Colorado Rep. Diana DeGette’s bid to get full public disclosure of the chemicals used in the hydraulic fracturing of natural gas wells was withdrawn as an amendment to a Safe Drinking Water Act bill Wednesday after debate by the House Energy and Commerce Committee.
The committee passed the “Assistance, Quality, and Affordability Act of 2010 (pdf),” which amends the Safe Drinking Water Act to increase funding to states, water systems and “disadvantaged communities,” step up EPA enforcement and encourage better environmental and financial management of water systems, among other things. But the committee did not accept DeGette’s hydraulic fracturing amendment.
Hydraulic fracturing is the widely used process of injecting water, sand and undisclosed chemicals under high pressure into natural gas wells to fracture tight formations and free up more gas. Critics in Colorado and elsewhere are concerned it can lead to contamination of groundwater supplies, and DeGette wants to remove a 2005 exemption for the process under the Safe Drinking Water Act.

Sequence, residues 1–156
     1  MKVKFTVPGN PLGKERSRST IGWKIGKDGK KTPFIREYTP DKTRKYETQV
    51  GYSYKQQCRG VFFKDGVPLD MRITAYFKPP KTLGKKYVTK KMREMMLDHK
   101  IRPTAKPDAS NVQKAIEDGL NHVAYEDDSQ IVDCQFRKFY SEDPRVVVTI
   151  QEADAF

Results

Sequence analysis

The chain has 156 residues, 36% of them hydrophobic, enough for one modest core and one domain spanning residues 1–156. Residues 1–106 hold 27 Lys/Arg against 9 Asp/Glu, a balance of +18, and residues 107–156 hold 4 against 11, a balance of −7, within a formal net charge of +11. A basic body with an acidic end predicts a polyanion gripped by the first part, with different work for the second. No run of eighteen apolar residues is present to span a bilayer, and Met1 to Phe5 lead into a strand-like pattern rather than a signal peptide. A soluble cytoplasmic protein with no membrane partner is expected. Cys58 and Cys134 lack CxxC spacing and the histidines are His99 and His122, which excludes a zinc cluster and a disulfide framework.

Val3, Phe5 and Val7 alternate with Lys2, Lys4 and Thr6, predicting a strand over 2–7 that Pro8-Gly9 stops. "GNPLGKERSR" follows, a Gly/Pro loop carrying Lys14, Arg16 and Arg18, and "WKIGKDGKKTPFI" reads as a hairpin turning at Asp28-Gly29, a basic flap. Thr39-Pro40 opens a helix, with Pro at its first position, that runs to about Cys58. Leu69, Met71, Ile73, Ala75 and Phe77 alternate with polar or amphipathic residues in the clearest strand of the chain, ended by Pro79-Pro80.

As the Safe Drinking Water Act bill moves through Congress, environmentalists want to see the hydraulic fracturing issue revisited.
“Congress has an opportunity to address the growing threats to our drinking water coming from dangerous gas drilling practices. We encourage our representatives in Congress to make certain that drilling for natural gas does not come at the expense of our drinking water. And we support all efforts to make sure that toxic chemicals aren’t coming out of our taps,” Piper Crowell, Clean Water Advocate for Environment America, said in a release.
In other hydraulic fracturing, or fracking news, investors holding 26.3 percent of the stock of ExxonMobil – set to become the nation’s largest natural gas producer with the acquisition of XTO Energy – supported a proposal asking the company to disclose fracking chemicals.
Put forth by the shareholder advocacy group “As You Sow,” which holds nearly 17,000 ExxonMobil shares, the proposal received five times the usual level of support for a first-time environmental resolution put forth to the board of a major energy company, according to the group.
“Today’s vote sent a strong message to ExxonMobil that shareholders are concerned about how it is dealing with hydraulic fracturing, especially in light of the expansion that will make it the nation’s largest natural gas company,” As You Sow’s Michael Passoff said in a release.